The Isthmus of Kra

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A fact unknown to me up until a few weeks ago: this world has an Isthmus other than that of Panama.

I can’t make any comparisons about the scenery, food, or culture along the way, but I feel justified in saying that that little strip of land that connects Bangkok and Kuala Lumpur has a much sweeter name.  I wanted to scream it at least twenty times a day – any time I came across a spectacular beach, any time I found myself squished between groves of coconuts on the left and mangoes on the right, any time I woke up to the sound of the waves, any time I saw a bunch of monkeys monkeying around, any time I felt the joy of being outdoors, free of obligation, and having all the time in the world – at these times and more, the words forced themselves up out of my guts, through the rest of me, and out of my windpipe, Braveheart-style:

ISTHMUS OF KRAAAAAAAAAAAAAAAAAAA!

Preamble

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Before we get started, a note of thanks to the Lunlana hotel and the family that runs it  – Gai, Chumsri, Noo, Sun, Sai, and Sea.  They put me up and, much harder, put up with my fauxbo ways (i.e. “no need to wash the sheets every day….how about twice a week?) for a whole week while my posse and I took care of some business in the big city.

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It’s a sweet little hotel right in the heart of Bangkok, just one street over from where my parents and I stayed back in October.  I had an exhilirating, death-defying, daily 40 minute bicycle commute to the Korean guesthouse where Chris, Minsung, and all my other buddies were staying.

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But with a lobby like this

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And a room like this

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I think I made the right choice.

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 www.lunlanahotel.com

In case you or anyone you know wants a nice place in Bangkok.

Scenery, Sites, Sightings


View 3RR in SEA in a larger map

The eponymous Isthmus, a good 650km of totally flat roads.

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One thing is sure: there will be beaches.

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Especially because I made sure to take the scenic route (which, in this case, turned out to actually be marked “Scenic Route”).

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The beaches didn’t start until a few hundred km south of Bangkok, though.  First: salt fields and headwinds.

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Hua Hin, land of pudgy, 50-something Russian tourists slathered with about one bottle of sunscreen per limb.  Someone recently pointed out to me that all that grease has to go somewhere – either into your body or into the ocean.  Yeck.

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Beach, December, Vietnam: argue with owners at overpriced restaurant, pitch tent under grey sky, get rained on, get hassled by the police.

Beach, February, Thailand: hang hammock under perfect cloudless sky, feel perfect breeze blowing under my back, allow vendors to deliver me perfectly sliced perfect papayas.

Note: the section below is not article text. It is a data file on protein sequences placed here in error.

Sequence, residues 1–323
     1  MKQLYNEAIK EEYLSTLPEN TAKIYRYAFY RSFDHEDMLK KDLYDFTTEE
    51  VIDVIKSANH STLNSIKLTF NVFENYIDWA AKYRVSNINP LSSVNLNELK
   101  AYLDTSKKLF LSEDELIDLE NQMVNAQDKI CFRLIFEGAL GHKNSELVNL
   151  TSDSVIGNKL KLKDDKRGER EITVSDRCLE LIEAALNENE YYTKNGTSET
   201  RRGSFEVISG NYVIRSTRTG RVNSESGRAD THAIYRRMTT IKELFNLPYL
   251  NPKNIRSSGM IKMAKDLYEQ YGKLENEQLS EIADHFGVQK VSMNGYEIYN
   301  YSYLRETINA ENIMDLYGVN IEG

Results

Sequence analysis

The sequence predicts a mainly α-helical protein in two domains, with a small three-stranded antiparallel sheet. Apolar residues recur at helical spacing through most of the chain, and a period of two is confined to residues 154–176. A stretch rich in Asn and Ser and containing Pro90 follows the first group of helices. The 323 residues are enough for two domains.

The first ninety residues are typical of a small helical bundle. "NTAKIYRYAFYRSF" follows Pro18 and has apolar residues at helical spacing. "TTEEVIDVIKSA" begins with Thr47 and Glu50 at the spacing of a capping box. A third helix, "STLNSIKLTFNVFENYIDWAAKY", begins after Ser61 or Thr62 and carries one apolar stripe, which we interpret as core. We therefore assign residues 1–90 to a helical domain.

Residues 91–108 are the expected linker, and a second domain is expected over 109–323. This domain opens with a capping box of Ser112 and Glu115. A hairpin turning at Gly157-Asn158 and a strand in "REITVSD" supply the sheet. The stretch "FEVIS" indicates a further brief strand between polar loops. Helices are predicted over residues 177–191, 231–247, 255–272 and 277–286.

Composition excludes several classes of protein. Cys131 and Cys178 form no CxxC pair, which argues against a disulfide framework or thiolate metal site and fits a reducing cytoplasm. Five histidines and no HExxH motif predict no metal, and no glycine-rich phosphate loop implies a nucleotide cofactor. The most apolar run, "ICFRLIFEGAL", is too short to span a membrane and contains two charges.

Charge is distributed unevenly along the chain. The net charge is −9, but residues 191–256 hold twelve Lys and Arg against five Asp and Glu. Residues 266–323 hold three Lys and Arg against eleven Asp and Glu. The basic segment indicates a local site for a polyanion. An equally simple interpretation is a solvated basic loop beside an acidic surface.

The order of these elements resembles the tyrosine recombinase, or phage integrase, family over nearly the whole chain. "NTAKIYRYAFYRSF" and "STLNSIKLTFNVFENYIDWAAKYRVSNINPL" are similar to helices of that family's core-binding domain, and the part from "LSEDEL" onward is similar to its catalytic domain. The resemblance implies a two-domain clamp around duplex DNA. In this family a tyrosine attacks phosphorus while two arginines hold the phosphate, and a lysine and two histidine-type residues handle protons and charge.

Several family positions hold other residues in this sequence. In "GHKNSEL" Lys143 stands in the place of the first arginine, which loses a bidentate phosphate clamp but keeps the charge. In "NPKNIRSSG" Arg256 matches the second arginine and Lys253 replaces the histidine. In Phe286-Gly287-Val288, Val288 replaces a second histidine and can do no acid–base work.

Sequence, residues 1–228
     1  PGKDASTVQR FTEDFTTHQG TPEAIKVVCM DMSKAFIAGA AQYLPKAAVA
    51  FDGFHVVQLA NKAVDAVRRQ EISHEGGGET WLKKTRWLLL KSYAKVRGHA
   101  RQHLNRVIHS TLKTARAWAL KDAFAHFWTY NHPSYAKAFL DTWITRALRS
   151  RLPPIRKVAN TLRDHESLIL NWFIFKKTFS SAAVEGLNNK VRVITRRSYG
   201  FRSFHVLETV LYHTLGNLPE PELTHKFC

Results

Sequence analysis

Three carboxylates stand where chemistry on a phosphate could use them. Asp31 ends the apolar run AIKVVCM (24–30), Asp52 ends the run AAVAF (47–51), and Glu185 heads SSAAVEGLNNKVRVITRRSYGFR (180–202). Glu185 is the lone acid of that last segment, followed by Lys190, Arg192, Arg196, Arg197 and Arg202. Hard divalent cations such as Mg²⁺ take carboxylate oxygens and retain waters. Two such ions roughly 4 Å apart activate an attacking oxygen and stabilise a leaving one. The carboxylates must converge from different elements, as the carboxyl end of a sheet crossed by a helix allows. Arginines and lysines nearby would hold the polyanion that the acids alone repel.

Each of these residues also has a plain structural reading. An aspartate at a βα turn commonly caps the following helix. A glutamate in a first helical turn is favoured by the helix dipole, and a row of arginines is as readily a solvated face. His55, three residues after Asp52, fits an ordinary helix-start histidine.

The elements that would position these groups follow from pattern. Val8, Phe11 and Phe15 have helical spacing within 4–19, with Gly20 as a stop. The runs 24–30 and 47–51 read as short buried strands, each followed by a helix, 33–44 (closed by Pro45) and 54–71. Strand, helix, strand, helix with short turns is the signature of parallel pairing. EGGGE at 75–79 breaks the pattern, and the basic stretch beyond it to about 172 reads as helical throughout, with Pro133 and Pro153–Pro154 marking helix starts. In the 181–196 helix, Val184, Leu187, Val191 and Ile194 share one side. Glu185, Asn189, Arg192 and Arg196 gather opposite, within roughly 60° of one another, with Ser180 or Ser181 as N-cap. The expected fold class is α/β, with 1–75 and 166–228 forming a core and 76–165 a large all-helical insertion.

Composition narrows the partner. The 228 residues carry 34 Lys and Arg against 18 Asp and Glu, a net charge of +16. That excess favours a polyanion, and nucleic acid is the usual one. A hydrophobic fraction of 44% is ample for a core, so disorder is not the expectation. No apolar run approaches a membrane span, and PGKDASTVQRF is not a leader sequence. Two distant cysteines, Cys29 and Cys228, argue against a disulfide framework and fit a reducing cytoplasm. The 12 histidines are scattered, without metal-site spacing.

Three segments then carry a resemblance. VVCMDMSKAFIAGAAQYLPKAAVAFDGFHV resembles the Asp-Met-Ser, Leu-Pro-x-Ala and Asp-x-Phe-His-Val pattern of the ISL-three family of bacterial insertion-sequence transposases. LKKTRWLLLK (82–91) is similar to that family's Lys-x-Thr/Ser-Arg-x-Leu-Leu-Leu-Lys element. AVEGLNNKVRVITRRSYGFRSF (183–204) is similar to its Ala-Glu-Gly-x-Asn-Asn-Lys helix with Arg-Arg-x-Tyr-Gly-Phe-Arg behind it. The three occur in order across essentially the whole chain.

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That’s what I’m talkin’ about.  National Highway 4, full of trucks and honks and all that other crap, was only about 10-20km away, running parallel to all these country roads for most of the length of the Isthmus.  Every once in a while these coastal roads dead-ended and I had to head back to civilization, but for the most part it was just me and the elements.

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Mutant banana tree?

 

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Coconut husks.

 

 

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Khao Sam Roy Yot National Park.

 

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The king is a big supporter of small-scale, organic, environmentally- and traditional society-friendly agriculture.  Maybe he’s a proponent of cycling, too?  Actually, most roads in Thailand have shoulders that are fine for cycling on, so the difference here is mostly a matter of paint job.  Whatever, it looks sweet and might keep the motos out of my lane.

 

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Little canals, colorful boats.

 

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A slightly unconventional temple out in the middle of nowhere.

 

 

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A little strange, but it beats billboards.

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Not in any particular hurry, I decided to play a little game: every time there’s a smaller road that goes where you want to go without taking you way too far off course, follow it.  For the first six days, this kept me on the royal road, next to the beach and away from the highway.  It didn’t work so well when I tried to cut across the Isthmus from West to East, though.  Trusting my map over the explicit warnings of locals and taking a shortcut to a shortcut to a shortcut resulted in my half-pushing, half-carrying the bike up narrow, unpaved, sandy, steep, remote roads at about 2km/h rather than simply breezing along in my highest gear.   I think it was the first time in Thailand that I’ve seen houses not connected to the grid.